By the numbers, eighty percent of Colombians believe their government to be corrupt to this day, and ninety-three percent of entrepreneurs believe many businesses are paying bribes. Economically, these actions prevent new businesses from moving into Colombian markets and existing businesses from growing properly due to corrupt government officials balancing law in favor of bribers. For the Colombians to overcome the corrupted governments, it is essential for state governments to expand into ungoverned states. By expanding into untapped areas and eliminating the source of bribery and corruption, the Colombians can expand their economic growth (Gillin).
According to the Oxford Business Group on Colombian Agriculture: “With demand for cacao on the rise and a projected global deficit of 1 million tons by 2020, cacao production in Colombia is set to receive special attention in the next few years.
To capitalize on the tremendous growth, the government and the private sector are joining forces and rolling out long-term strategies to increase production and enhance Colombia’s competitiveness at the international level. The Colombian government intends to boost the country’s competitiveness internationally through incentives to production, both in renovation campaigns and with the grafting of new trees. The goal is to bring into production an additional 700 million hectares available for cacao cultivation, while providing producers with adequate financing instruments and incentives to invest in their plots
The promotion of cacao production has also been part of the government’s coca (cocaine) eradication program for some years since both trees require similar growing conditions. A shift to cacao cultivation is being promoted as an option for farmers looking to leave the cultivation of illicit crops; The government has plans to renovate 80,000 hectares of old plantations.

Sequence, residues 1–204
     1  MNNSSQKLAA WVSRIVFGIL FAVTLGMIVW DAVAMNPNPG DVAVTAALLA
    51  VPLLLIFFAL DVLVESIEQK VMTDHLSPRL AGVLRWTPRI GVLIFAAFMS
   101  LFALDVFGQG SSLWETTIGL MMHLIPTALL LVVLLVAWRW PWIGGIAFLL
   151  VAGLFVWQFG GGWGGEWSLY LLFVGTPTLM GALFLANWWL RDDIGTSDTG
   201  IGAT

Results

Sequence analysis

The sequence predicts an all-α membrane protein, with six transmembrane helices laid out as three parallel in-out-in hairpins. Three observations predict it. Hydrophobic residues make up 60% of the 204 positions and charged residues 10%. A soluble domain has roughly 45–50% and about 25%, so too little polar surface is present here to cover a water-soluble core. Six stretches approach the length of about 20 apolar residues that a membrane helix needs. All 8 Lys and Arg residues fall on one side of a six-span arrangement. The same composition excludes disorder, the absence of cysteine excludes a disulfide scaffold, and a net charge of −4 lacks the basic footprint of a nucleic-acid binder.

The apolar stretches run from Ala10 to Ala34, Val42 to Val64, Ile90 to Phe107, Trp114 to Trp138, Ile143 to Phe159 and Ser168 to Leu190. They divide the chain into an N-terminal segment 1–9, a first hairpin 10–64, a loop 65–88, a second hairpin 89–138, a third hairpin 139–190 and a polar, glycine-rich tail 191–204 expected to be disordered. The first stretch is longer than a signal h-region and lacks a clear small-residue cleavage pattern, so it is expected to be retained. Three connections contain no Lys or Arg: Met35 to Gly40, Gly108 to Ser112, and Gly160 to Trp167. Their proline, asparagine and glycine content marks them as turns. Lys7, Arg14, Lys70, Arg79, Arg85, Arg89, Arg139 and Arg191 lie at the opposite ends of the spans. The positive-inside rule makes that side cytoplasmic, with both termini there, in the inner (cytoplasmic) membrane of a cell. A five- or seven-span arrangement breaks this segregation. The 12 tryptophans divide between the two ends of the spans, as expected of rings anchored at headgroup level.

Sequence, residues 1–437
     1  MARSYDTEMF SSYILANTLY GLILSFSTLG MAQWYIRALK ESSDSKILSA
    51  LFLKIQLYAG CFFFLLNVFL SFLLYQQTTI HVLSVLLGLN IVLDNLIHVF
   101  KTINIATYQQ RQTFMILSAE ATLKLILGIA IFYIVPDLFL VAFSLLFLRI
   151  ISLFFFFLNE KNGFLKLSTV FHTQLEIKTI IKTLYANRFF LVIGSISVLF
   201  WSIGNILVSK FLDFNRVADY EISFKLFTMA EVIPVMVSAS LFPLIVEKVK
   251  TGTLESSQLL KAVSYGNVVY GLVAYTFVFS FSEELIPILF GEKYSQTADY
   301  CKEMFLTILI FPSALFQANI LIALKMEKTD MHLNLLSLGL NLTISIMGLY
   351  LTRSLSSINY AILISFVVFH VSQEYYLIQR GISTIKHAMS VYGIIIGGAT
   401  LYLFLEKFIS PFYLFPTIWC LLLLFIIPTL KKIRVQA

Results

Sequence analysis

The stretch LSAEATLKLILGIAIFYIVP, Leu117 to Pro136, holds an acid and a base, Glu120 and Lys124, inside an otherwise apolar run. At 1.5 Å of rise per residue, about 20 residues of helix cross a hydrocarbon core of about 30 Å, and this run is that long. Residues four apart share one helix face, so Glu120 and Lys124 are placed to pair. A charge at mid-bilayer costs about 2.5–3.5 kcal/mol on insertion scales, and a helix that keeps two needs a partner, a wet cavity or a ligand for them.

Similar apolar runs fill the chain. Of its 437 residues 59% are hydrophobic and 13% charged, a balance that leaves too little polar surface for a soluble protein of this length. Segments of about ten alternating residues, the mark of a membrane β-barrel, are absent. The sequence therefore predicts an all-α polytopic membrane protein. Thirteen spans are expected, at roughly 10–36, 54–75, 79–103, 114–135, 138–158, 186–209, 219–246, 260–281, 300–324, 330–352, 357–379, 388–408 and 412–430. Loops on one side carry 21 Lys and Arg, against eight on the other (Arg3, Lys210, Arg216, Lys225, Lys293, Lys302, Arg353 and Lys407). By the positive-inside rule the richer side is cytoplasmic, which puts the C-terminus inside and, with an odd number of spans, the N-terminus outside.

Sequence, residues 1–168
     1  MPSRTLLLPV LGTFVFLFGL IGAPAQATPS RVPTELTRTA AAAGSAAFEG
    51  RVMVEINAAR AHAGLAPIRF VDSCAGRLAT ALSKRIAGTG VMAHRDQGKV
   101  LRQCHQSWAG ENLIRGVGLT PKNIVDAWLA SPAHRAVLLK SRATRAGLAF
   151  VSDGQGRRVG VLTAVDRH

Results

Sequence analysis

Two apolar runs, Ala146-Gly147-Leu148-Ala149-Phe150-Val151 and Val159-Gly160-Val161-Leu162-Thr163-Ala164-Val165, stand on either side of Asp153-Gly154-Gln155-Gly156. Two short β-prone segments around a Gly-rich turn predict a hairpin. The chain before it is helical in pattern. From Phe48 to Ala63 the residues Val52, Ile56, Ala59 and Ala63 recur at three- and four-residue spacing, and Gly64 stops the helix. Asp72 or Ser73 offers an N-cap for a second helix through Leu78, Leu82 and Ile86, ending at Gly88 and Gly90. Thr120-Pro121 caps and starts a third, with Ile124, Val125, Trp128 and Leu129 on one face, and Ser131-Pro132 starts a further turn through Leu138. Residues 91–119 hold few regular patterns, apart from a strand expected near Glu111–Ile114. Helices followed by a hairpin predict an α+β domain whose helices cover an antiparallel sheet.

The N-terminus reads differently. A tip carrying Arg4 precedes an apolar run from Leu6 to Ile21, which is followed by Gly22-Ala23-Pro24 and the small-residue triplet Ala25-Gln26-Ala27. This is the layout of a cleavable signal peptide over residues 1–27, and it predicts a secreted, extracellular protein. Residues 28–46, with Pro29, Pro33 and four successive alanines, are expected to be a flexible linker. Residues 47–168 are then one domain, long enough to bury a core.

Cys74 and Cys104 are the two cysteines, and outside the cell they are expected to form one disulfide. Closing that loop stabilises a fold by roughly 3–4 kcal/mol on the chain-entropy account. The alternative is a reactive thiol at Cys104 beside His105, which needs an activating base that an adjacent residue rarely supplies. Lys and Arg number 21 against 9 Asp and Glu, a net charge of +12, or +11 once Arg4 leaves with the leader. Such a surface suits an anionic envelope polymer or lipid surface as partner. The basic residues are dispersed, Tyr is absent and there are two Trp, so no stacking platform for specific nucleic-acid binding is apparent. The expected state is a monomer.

Domestic Monopolies: Anna Andrianova’s article “Colombia learns free trade can’t fix everything” discusses the impact of domestic monopolies on Colombia’s economy. Andrianova writes, “For Colombia, free trade has delivered on many promises. Consumers in the country now have access to a much greater variety of goods and merchandise. But some groups, especially farmers, are struggling to survive amid a flood of cheap imports.” Since 2013, Farmers have started to rally against high costs for fertilizer and low-priced food imports, and truck drivers were enraged by expensive fuel (Andrianova).
Not all those price fluctuations came as a result of free trade agreements. But Colombia’s pacts with the U.S. and Europe have failed to improve things in some domestic sectors and appear to have worsened them in others. Colombia used to be self-sufficient in food production, but now it is importing around 10 million tons of food, forcing Colombians to have to sell the harvest lower than the cost of production.
James Robinson, a professor of government at Harvard University, pointed to the faulty structure of Colombia’s farming sector, which he said restrains growth. Robinson claims: “I think there is not enough free trade.” He cited ”an ‘oligarchized’ arrangement in the Colombian wholesale market as the source of the problem. Wholesale prices paid to farmers are low because of domestic monopolies, even though consumer prices are high.” He added that smugglers bring food from Ecuador and Venezuela to take advantage of Colombia’s higher retail prices.
Restrictions on foreign investments: Colombia, along with Bolivia, Ecuador, Peru, and Venezuela, is a member of the Andean Pact. Foreign investments in Colombia are divided into direct investments and portfolio investments.